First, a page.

A cunning, sadistic picture was beginning to emerge.  I think that Barney/Farney and Isabel/Fisabel (intentionally or not) found a flaw in the system.  The enumeration date for the Hansen address was 3 April.  The enumeration date for Barney/Isabel was 25 April.  I'm beginning to wonder if Farney/Fisabel were visiting the Hansens when the enumerator came by, and then by the time the enumerator got to their actual address, they were back home.  Of course, this is pure speculation on my part.  But it makes a little bit of sense because the inaccurate information provided by (probably) their son-in-law would not match what they told the enumerator themselves.

Obviously this is going to take a LOT of additional research, but now come the real questions.  Was Isabel really married before?  Why did she say it was her first marriage?  Did she really have 12 children?  Where are all these other children (I only show the couple had 7 children, but there IS an 11-year gap between the last two)? 

I'm beginning to understand how Barney and Isabelle both died from senility.

Do we share any ancestors? 
Please email me at lostancestors [at] gmail [dot] com

Sunday, December 09, 2012

Does This Count as an Epiphany?

So there I was, working on Lesson 5 of the Home Study Course, which is all about census records. Yawn ... I've been using census records for a long time and the references are a little outdated (they didn't even mention the 1940 census release - !!!), so I was reading the lesson and taking very few notes.

Then I got to the assignments. (Here's where the epiphany part gets a little murky)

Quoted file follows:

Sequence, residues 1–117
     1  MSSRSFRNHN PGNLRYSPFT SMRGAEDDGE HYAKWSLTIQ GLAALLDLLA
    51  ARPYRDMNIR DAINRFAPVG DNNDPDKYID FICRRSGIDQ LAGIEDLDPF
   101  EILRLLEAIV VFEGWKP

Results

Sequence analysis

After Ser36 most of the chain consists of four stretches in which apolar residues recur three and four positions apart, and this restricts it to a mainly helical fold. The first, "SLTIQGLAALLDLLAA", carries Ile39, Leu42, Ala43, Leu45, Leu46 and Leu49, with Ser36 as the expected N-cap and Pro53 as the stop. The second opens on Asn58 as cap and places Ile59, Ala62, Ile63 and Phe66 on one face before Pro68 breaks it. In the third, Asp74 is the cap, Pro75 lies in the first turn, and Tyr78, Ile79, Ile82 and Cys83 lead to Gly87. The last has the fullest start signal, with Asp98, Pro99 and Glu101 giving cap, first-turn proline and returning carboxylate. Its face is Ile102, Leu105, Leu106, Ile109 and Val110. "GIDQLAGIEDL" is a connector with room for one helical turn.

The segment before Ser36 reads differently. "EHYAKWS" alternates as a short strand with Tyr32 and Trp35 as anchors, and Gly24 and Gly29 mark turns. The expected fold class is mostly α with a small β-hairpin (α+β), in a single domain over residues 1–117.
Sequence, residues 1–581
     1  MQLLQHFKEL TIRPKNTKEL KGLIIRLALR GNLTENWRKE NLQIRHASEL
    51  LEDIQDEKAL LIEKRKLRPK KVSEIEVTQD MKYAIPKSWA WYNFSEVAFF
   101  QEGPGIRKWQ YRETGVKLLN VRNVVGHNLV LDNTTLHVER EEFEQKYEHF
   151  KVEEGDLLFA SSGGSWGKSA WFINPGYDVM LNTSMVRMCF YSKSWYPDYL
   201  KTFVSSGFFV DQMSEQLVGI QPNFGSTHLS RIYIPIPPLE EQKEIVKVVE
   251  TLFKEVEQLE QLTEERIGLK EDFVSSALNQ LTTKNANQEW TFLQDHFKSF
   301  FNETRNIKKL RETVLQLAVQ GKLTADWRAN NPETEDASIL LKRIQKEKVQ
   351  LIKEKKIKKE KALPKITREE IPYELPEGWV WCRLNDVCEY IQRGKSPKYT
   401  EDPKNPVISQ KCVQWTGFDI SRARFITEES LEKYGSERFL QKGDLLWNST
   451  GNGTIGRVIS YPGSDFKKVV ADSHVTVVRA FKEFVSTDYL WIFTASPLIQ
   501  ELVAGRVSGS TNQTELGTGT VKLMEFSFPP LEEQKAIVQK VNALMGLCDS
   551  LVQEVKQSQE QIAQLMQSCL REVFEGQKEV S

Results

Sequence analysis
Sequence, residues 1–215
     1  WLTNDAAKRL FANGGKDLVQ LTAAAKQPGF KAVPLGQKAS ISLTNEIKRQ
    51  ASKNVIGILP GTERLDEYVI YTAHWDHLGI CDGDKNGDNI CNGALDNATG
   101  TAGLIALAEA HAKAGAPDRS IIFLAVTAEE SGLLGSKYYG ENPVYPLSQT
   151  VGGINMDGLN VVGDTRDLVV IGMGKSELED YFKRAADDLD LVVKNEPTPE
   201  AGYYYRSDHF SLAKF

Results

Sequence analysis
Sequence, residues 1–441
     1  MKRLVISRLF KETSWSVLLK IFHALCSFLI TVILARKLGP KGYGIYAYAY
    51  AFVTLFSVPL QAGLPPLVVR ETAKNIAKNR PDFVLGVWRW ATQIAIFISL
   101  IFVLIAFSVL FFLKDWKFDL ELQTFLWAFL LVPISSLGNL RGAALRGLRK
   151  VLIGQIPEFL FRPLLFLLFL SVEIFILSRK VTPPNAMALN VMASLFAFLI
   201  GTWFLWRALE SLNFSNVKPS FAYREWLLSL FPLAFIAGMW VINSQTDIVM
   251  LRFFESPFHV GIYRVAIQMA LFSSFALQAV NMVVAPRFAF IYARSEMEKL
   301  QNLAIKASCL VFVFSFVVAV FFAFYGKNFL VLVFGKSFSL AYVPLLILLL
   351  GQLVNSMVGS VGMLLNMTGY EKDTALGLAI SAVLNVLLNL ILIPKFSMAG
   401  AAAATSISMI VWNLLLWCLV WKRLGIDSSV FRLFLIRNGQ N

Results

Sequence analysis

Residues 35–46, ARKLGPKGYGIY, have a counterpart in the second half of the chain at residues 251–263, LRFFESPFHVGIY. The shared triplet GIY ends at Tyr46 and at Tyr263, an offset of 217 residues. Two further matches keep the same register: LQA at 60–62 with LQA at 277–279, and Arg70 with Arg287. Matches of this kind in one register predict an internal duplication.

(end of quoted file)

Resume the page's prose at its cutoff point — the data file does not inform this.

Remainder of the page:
The first assignment was to do a census research checklist. Essentially list out all the census years in which a particular ancestor could be found. Okay, I already do that, so that wasn't very hard. But then list out where you expect to find them (county, state, etc.), their approximate age, and the capacity in which you expect to find them (head of household, child of __, etc.). Well, that's new. So here are the results for one of my ancestors:

Wait ... I still haven't gotten to the epiphany part.

The next assignment was to do a census search report. Find the ancestor on the census, then do a search of the entire county for people of the same surname (or variations thereof), and transcribe the entries onto the appropriate blank census form, citing your sources, of course.

Usually, when I find someone in the census, I look a few pages forward and a few pages back - or sometimes I look through the entire enumeration district if it's not a gajillion pages - and see if I can find any other family members, making note of any surnames that look familiar (maybe the children of my ancestor married into these other families or something). But I never searched the entire county.